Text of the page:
[Slide 7 - 3:17] What we do is we use this custom SaaS function that we wrote. We have a SaaS function that we call VW. We pass at two of those three known values. We pass at the target size— what size we want it to be—and we pass at our break point, we pass at the point at which we want it to be approximately this size, and then be fluid based on that target. What the function does, it takes those two values, and gives us the third value, the unknown in the equation. We don't know if it's 3.2 VW, or 3.19857 VW, or 3.05943 VW. Those are all really crazy, silly numbers that we don't want to be worrying about. What we do want to be worrying about is the things we know, and what the computer is giving us the rest.

[Slide 8 - 4:08] You can see it here in use. I'm just writing some CSS here for an H1 element. We're saying, "OK, we're building a mobile first site, so it's small sizes. Let's go to a target of 16 pixels," and it will be fluid within that range until it hits this first break point where we reset that target to be approximately 24 pixels instead of approximately 16 pixels. Then it will continue to be fluid until it hits another break point and gets calculated again.

[Slide 9 - 4:39] I can show you the math right here as well a little bit. You can see that the numbers we give it just get slotted into our function, and we get values in return. As you can see, at the smaller sizes, it's 3.2 VW, so it's a bigger number than at the larger sizes. But because a VW is a relative size, the actual type is going to be much larger at that larger size. We're going to look at an example here in a second. Remembering all these numbers, remembering where these break points occur, sometimes it's not fun. You don't want to keep track of all this within an entire project.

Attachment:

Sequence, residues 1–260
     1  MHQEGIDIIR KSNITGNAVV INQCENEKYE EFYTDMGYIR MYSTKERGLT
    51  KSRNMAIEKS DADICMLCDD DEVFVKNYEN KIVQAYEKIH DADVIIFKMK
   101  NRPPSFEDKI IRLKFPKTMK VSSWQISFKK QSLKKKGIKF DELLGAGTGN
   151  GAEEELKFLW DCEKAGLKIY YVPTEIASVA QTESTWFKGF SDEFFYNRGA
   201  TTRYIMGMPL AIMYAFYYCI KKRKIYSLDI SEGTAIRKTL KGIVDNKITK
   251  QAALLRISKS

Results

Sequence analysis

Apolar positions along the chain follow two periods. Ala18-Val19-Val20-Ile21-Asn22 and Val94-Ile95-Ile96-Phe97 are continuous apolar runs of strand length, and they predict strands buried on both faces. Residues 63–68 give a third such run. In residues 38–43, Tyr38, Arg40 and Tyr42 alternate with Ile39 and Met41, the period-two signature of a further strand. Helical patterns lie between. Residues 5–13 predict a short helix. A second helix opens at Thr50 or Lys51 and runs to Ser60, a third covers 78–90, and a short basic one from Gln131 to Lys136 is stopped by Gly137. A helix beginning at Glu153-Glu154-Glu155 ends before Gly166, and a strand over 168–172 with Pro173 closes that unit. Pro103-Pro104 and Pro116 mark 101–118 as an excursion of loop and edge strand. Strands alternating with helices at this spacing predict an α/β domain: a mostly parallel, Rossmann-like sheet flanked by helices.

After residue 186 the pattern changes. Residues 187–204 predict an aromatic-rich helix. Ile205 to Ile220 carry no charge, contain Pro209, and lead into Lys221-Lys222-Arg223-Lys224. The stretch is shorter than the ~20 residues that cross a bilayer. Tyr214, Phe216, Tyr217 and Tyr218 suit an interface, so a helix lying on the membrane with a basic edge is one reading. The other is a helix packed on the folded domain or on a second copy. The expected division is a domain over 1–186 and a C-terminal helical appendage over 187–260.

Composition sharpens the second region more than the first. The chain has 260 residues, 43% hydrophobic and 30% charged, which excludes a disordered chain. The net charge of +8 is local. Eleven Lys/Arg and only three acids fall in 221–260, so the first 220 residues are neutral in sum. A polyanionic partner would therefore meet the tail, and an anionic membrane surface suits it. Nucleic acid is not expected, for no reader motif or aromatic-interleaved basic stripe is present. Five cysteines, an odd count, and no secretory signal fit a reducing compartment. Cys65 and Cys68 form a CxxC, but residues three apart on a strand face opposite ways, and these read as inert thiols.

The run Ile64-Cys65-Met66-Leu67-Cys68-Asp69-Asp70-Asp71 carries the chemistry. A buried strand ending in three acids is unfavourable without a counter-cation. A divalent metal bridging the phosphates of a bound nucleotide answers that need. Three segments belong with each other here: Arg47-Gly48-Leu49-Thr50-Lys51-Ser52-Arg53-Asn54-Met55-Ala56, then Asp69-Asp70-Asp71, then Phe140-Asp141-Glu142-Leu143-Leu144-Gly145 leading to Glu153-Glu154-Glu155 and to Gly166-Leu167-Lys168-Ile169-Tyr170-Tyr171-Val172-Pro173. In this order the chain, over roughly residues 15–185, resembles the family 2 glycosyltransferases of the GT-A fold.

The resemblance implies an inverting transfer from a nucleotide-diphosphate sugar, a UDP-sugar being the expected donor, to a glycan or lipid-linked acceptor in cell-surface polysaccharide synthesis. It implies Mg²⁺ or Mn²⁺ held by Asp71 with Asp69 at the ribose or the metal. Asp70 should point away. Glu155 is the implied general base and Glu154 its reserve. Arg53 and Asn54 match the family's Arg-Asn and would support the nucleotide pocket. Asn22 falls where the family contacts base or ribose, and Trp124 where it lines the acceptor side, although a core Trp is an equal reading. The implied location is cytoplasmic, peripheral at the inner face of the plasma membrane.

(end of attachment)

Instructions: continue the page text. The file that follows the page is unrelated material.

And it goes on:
[Slide 10 - 5:21] We can actually make this a little bit easier by just using variables for our break points, so we just name our break points one, two, three, so on and so forth. Then we have the exact same CSS, but now we can set our target sizes based on which break point we're hitting, break point one, break point two, break point three. We don't have to remember exactly what those values are. Makes working with this stuff extremely easy as we apply this to an entire design system.

[Slide 11 - 5:48] If we look at this example here, you'll see the type grows and shrinks as the browser grows and shrinks. The relative line length is always going to stay the same throughout because we're sizing the type relative to the view port width. You can see I also have one break point in here that I'm using to resize to apply a new VW unit to the type as we go through as well. Throughout the entire design, we have 100 percent fluid type that we can control as finely as we want to just by adding additional media queries, and using our SaaS function to add a new VW, so pretty cool here.